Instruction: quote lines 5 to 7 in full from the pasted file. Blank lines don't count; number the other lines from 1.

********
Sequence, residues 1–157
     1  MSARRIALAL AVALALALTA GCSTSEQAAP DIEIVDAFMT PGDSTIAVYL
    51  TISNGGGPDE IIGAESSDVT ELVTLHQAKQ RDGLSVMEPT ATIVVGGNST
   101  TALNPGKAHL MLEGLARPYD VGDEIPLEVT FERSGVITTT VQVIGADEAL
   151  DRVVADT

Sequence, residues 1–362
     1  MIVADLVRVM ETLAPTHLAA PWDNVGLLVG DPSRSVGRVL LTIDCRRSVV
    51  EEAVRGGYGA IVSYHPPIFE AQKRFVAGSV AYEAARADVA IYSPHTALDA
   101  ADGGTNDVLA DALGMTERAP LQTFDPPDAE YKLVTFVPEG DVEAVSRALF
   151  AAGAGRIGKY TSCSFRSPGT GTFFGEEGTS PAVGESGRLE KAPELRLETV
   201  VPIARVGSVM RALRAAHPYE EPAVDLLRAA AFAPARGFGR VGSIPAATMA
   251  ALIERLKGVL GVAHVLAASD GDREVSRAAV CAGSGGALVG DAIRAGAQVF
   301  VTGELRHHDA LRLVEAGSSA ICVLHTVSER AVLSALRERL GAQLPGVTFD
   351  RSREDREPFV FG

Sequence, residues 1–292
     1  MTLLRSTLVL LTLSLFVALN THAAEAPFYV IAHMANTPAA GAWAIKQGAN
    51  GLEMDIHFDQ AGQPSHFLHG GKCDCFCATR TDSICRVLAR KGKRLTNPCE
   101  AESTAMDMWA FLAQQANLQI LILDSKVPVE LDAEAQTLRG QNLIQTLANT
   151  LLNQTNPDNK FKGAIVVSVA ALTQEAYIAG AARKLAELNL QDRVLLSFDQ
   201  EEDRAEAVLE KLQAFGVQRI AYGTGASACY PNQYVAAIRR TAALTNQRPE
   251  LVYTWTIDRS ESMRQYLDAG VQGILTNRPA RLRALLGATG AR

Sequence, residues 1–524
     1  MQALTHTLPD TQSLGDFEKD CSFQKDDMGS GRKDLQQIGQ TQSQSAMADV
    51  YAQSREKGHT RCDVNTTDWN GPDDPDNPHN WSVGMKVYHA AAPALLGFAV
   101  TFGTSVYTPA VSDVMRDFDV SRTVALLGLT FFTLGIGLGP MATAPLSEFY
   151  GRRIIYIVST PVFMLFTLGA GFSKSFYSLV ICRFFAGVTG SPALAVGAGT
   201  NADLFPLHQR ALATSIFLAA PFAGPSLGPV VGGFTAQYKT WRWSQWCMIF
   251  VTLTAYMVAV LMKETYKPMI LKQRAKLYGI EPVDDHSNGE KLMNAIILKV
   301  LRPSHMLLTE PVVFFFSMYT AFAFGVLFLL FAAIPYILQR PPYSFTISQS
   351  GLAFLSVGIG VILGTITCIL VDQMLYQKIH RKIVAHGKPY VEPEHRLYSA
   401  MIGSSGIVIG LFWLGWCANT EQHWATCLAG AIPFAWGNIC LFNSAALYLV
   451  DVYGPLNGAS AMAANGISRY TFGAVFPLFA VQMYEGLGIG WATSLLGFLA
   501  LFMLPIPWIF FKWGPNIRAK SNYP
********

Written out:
   151  DRVVADT

Sequence, residues 1–362
     1  MIVADLVRVM ETLAPTHLAA PWDNVGLLVG DPSRSVGRVL LTIDCRRSVV